Newspaper article St Louis Post-Dispatch (MO)

Mac Says Critics Won't Kill C-17

Newspaper article St Louis Post-Dispatch (MO)

Mac Says Critics Won't Kill C-17

Article excerpt

McDonnell Douglas Corp.'s C-17 transport jets have come under more fire at home than they did during their recently completed service in Bosnia.

The company found itself under attack again last week because of disclosures that it charged the Air Force sky-high prices for some C-17 parts that could have been made far more cheaply by subcontractors.

But McDonnell says the pricing flap already has been resolved and should cause little trouble with Congress, which will vote later this year on the Defense Department's plan to buy 80 additional C-17s for $16.6 billion.

"We believe that in the past two years the C-17 has become a model program," said Jim Ramsey, a spokesman at the company's assembly operation in Long Beach, Calif.

Even critics acknowledge that the disclosures, made in a preliminary draft of a General Accounting Office audit, are unlikely to diminish support for the program.

"It seems like members of Congress are happy to spend money on the military," said Daniel Sagalyn, who tracks the C-17 program for the Center for Defense Information in Washington, D.C.

McDonnell thinks the damage from the news stories on the C-17 parts will be limited because the price discrepancies date back more than four years and involve a relatively small number of spare parts for a few early aircraft.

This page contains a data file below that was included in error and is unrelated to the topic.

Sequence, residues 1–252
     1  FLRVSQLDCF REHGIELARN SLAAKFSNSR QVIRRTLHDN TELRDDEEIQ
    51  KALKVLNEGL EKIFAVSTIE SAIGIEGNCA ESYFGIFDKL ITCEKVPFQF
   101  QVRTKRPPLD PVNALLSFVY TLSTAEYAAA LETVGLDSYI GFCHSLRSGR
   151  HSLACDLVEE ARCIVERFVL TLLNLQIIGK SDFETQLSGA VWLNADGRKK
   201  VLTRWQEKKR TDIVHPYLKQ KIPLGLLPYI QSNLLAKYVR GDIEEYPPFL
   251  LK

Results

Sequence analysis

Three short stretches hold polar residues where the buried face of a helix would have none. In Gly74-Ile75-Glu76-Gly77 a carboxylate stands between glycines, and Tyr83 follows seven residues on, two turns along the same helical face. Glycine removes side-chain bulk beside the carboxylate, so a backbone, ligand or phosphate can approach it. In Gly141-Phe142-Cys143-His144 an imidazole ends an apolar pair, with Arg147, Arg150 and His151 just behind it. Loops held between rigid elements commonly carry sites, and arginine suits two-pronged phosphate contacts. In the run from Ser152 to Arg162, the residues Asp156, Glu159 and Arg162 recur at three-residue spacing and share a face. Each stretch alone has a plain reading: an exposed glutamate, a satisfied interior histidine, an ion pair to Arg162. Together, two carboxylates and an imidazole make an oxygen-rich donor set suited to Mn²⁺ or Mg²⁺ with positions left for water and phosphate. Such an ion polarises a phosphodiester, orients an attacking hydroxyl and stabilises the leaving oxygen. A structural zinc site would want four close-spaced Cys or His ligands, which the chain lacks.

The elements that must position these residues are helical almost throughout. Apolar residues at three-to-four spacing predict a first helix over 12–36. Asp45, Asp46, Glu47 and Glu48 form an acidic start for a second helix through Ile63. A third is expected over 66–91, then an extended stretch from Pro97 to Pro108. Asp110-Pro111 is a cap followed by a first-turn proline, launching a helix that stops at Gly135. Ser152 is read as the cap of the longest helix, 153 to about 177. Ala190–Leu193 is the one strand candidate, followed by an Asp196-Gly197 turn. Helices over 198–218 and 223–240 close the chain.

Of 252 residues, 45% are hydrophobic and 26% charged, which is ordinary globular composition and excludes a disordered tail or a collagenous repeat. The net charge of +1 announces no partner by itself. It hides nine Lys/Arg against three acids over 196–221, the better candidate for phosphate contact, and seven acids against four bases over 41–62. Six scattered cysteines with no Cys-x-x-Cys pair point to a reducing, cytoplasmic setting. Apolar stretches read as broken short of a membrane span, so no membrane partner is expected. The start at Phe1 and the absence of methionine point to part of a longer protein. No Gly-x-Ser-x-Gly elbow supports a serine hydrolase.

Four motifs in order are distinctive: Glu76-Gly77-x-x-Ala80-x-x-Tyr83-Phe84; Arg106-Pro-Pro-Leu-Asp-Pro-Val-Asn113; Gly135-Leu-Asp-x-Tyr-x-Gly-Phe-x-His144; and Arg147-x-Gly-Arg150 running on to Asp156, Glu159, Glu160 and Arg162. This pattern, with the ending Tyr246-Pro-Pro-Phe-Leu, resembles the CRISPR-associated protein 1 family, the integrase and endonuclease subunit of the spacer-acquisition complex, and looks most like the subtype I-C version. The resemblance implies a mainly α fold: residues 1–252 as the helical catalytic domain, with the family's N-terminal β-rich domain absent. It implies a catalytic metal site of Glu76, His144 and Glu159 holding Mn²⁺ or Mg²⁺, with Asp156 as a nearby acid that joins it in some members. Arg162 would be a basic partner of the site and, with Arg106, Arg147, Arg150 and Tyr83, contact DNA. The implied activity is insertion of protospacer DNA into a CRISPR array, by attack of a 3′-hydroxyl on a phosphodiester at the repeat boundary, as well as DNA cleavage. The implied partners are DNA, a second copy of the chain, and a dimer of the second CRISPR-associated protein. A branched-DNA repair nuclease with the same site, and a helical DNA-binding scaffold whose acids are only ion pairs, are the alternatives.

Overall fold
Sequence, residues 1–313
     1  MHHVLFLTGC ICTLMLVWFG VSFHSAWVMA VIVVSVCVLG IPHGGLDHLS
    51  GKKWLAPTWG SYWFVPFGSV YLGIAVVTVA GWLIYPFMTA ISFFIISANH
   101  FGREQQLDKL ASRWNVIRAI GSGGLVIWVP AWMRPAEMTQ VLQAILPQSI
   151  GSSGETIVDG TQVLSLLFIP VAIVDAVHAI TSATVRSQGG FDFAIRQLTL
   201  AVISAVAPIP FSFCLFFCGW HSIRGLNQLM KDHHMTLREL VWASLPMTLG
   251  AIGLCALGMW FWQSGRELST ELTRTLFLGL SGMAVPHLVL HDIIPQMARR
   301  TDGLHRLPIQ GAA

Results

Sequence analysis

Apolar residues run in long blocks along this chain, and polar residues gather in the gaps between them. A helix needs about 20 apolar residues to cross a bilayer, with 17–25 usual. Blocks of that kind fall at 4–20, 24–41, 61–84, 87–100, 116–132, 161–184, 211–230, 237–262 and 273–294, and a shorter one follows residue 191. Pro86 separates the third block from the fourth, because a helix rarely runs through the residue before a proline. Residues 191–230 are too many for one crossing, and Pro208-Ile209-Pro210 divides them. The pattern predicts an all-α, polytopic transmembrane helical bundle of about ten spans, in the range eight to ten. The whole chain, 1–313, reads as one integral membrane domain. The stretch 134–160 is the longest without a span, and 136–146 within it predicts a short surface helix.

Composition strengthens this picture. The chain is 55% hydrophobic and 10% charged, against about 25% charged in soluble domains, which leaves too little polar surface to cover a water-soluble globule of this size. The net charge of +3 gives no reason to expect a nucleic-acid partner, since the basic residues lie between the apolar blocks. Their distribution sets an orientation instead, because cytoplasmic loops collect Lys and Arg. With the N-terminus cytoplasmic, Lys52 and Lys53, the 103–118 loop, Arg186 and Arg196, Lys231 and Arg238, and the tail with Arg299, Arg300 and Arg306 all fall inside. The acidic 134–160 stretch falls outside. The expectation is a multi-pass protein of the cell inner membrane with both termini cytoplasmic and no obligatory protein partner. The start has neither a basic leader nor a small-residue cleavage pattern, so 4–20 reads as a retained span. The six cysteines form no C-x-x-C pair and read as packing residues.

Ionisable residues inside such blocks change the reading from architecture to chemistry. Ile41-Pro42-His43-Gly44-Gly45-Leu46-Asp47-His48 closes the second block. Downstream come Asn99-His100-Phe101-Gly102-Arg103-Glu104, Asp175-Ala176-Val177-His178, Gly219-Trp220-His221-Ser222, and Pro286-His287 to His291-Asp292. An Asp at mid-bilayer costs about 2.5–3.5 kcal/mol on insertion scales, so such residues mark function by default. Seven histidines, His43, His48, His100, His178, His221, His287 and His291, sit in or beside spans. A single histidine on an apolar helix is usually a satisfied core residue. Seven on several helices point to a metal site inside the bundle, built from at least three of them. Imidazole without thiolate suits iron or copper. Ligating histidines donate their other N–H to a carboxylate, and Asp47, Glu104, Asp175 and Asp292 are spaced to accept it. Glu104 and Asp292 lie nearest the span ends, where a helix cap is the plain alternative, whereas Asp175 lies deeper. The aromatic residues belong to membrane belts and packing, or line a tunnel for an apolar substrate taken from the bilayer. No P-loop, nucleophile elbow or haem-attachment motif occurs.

Newsday, a paper in New York, reported Wednesday that McDonnell got $12,280 for spare-door hooks it had originally contracted to buy for $389.

Newsday also said McDonnell got $2,187 each for spare-door hinges it had agreed to buy for $31 elsewhere.

Newsday attributed the information to the General Accounting Office, the investigative arm of Congress.

The agency declined to provide a preliminary version of its study last week, saying that only final versions are available to the public. But copies have been circulating for several months within McDonnell, the Air Force and the Pentagon.

Although McDonnell quietly paid $187,000 to the Air Force to settle the question of overcharges, it maintained last week that the price differences are exaggerated in the draft version of the GAO study.

"They failed to count the start-up costs paid to the subcontractors, but they counted them for the parts McDonnell made," Ramsey said. …

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